Location & Geography
After only 50 minute flying from Ho Chi Minh City, you will set foot on the tropical paradise of Vietnam and the world: Phu Quoc Island. Located in the Gulf of Thailand, this natural and untouched wonder covers a total area of about 580 km2. PhuQuoc Island is indubitably the central point of Southeast Asia, as it is relatively close to many big cities such as Bangkok, Singapore, Kuala Lumpur, Ho Chi Minh City, etc. and even Hong Kong! A part of Kien Giang Province, the district of PhuQuoc includes the island itself and 105 wonderful islets of all sizes. The island is 46 km away from Ha Tien, the closest mainland town of the province.
Natural landscape and reserves
The island has a roughly triangular shape with a north-south length of 50km and a west-east width of 25 km. A great part of the terrain is filled with beautiful sandy beaches, but there is a mountainous region with 99 peaks, among which the Peak of Chua Mountain is the tallest one at 603 meters. Due to Phu Quoc’s location in the Gulf of Thailand, itsclimate is monsoonal sub-equatorial with a temperate weather all year round, making trips to Phu Quoc possible any time in the year. However, the best time to travel to this island is around November to September in the dry season, when the sky is blue and clear and the rains are away. The average annual rainfall is 2879 mm and the average annual temperature is 27oC.
With a population of only about 85,000 people, Phu Quoc has 6 major towns and villages known as An Thoi Town, Cua Can Village, Duong Dong Town, Ganh Dau Village, Ham Ninh Village, and Rach Vem Village. Each of these towns/villages has its very own traditions and distinctions that will surely benefit your time in PhuQuoc.
Phu Quoc is most famous for its the cuisines and a natural wonderful coastline. The most famous food of Phu Quoc is fish sauce, which has become quite popular all over Vietnam and the world. Besides, another thing worth trying there is the spicy yet interesting black pepper. However, the factor that will definitely intrigue you to visit Phu Quoc is its untouched coastline featuring several heavenly beaches. They have yet to be explored to their full ability, but this fact might be actually positive as it gives the shores a romantic beauty that you can find in nowhere else in the world.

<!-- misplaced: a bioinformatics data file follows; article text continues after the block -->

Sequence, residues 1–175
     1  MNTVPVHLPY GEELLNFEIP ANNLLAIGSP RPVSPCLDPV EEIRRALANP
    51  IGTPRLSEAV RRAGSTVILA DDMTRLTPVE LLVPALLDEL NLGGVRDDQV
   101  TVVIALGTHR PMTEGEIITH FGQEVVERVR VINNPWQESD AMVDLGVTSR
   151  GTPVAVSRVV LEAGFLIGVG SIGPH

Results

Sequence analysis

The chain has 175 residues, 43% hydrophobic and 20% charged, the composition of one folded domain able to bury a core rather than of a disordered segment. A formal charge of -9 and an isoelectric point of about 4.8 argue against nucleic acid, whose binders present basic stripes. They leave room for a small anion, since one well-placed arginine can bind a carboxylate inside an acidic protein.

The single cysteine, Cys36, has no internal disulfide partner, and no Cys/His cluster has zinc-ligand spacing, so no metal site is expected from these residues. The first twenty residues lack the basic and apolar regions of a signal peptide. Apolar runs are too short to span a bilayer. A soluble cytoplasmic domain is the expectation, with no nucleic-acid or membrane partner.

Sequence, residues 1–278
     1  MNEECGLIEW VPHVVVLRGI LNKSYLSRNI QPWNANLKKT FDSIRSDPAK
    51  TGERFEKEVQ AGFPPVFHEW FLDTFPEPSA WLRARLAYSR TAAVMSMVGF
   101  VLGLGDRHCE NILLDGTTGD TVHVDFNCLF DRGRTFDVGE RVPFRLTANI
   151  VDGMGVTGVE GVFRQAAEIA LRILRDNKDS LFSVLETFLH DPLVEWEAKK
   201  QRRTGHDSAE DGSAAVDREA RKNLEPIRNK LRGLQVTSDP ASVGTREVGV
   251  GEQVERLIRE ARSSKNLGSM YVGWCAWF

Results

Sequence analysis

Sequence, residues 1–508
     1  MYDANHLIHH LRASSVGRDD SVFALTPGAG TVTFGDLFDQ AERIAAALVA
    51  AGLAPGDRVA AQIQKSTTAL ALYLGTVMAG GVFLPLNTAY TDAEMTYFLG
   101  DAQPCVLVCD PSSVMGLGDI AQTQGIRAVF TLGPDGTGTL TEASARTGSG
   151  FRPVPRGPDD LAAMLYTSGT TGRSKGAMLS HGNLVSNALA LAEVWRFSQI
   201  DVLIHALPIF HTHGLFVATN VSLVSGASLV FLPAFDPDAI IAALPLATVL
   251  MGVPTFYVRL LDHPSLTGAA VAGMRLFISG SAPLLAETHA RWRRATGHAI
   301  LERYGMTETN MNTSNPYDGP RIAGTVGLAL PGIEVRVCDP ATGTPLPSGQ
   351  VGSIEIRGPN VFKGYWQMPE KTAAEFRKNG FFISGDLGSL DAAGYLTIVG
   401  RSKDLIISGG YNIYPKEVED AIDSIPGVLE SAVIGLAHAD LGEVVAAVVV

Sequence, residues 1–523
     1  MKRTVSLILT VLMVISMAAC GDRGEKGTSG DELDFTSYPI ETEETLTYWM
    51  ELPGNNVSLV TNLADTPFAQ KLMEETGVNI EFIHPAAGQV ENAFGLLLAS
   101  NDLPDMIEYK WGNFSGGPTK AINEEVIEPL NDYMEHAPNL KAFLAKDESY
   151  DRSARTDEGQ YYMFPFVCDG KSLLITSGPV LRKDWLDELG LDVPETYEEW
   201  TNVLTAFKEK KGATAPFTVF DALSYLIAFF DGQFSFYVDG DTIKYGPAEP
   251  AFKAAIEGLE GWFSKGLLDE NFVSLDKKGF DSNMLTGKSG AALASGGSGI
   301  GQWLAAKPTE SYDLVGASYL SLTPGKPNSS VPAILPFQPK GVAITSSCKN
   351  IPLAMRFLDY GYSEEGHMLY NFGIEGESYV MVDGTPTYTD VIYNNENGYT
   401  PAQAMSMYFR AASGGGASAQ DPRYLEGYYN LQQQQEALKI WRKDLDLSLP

Sardine is sliced into thin layers, served raw with vegetables and a special kind of sauce made from peanuts. The taste might be too strong for first-timers, as the sauce is imbued with original fish sauce. However, eventually, the sweetness of the sardine will emerge and moderate this saltiness. Beside, the peanuts give the dish an inviting creaminess that compensates for the plainness of veggies. All in all, these components make a perfect combination that may stun you and keeps you yearning for more.
A hard-to-get sea creature that live only in deep water, thorn balls have become one of the most precious ingredient in Phú Quốc culinary culture. Thorn balls are renowned for the natural creamy texture and fattiness that overshadow its ghastly appearance. The locals either make porridge from it or have it uncooked with a little wasabi. This is considered a luxurious treat that you should not miss.
In cold rainy days, it is best you have dinner with a hot and delicious bowl of mackerel noodle. Mackerels are filleted, the remaining bones used to make the broth and the noodles homemade by hand. Simplistic as it may seems, the dish requires a high level of seasoning to achieve the delicate and yet, unforgettable flavor. Tràm Mushroom
In the rainy seasons, the timbers’ barks will fall off and feed the soil, nurturing, at the same time, these precious mushrooms that have become a widely used ingredient in Phú Quốc. The mushroom is best served in form of soup, as its sweetness will be emphasized and thus compliment other toppings. As it is hot and nutritious, the soup is a helpful dose of tonic for the sick and for those who are fatigued after long trips.
How to get there:
Vietjet Air and Vietnam Airlines have daily flights from Hanoi and Ho Chi Minh City to Phu Quoc and back. Flight hour is between 50 and 60 minutes - one way ticket costs from $60-100.
Vietnam Airlines just opened a direct route from Singapore to Phu Quoc to make it more accessible to Singaporeans and expats living in Singapore to have a beach holiday.
Phu Quoc Travel Guide
A Comprehensive Guide To Vietnamese Cuisine
It’s not an exaggeration to say that Vietnam is THE place to go to get food shock where local culinary specialties abound. Diverse landscapes, vast rice paddies, mountains and coast contribute to culinary variety while the national cuisine is shaped by both long-standing tradition and heavy foreign influences.
Though Vietnamese cuisine varies from north to south, the mainstream culinary tradition still shares some fundamental features. Indeed, local cooks always try to balance typical flavors of saltiness, sweetness, sourness and herbs, chilly & pepper in each dish together with the practice of local customs.